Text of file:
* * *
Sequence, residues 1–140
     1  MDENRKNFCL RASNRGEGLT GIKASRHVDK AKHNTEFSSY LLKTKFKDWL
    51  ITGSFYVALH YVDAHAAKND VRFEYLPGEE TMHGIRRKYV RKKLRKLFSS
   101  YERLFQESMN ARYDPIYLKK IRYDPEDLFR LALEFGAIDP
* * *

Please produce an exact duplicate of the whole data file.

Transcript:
Sequence, residues 1–140
     1  MDENRKNFCL RASNRGEGLT GIKASRHVDK AKHNTEFSSY LLKTKFKDWL
    51  ITGSFYVALH YVDAHAAKND VRFEYLPGEE TMHGIRRKYV RKKLRKLFSS
   101  YERLFQESMN ARYDPIYLKK IRYDPEDLFR LALEFGAIDP